“The stars awaken a certain reverence, because always present, they are inaccessible.”
Ralph Waldo Emerson
At 58 years of age, he sat dead in the cross hairs of a midlife crossroads, precariously perched on a cliff of mental despair. He was unhappy but not sure why, so he said the hell with it all, casting away a six figure a year Florida optometry practice and started to hike the Appalachian Trail, releasing his burdens and personal demons one step at a time.
His given name is Meredith, “a boy’s name back when I was born in 1938,” he assures me. His surname is Eberhard. However, within the world of long distance hiking he is known by his chosen moniker of Nimblewill Nomad and he is a legendary and revered figure, the Michael Jordan of long distance trekking. At 79 years of age, he is a walking machine.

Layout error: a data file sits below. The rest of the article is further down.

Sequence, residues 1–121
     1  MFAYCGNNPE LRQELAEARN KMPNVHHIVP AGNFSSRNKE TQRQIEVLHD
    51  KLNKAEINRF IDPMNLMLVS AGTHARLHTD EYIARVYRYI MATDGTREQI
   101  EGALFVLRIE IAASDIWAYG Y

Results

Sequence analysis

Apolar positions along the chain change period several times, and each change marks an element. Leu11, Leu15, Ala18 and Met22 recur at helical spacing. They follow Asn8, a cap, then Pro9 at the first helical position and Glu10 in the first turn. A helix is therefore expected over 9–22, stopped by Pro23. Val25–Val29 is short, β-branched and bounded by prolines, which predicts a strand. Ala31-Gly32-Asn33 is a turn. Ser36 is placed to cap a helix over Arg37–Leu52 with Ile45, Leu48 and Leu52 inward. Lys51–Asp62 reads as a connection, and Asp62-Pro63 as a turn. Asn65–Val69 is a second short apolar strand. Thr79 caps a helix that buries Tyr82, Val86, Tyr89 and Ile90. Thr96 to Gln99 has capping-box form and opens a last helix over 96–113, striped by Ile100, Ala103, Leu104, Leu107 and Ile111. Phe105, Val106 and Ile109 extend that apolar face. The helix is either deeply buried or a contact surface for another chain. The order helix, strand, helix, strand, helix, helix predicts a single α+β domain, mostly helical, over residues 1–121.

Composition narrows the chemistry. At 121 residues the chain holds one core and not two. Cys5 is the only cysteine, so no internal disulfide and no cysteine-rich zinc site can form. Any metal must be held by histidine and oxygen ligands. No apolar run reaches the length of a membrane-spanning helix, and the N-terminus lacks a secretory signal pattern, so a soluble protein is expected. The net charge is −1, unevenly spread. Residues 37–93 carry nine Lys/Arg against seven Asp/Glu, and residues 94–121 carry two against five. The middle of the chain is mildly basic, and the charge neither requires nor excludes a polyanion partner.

We crossed paths outside of Shamrock, TX on a hazy September, 2017 late afternoon. Mr. Nomad was within one day of reaching the halfway point of his latest odyssey, hiking the path of America’s “Mother Road” – Route 66. He began his sojourn on July 26 amidst the toxic urban sprawl of South Chicago and should reach the trail’s end in the land of Milk and Honey, just past Thanksgiving. Upon completion of the 2300 mile journey he will symbolically dip his swollen feet into the Pacific Ocean, just off the Santa Monica, CA pier. Along the way he will use his Apple 7’s smart phone’s photo app to recreate and archive the best he can of what is left of the Depression era Grapes of Wrath migration trail, a movement that has come to represent the Great American Dream. “Route 66 is a highway we simply cannot forget. It cuts right across the heart of America, the very soul of this great nation. It is our Main Street,” Nomad says. “This road tells stories of hope and heartbreak, of starting over, new dreams found beyond the hazy blue. Route 66 represents what makes us a great nation.”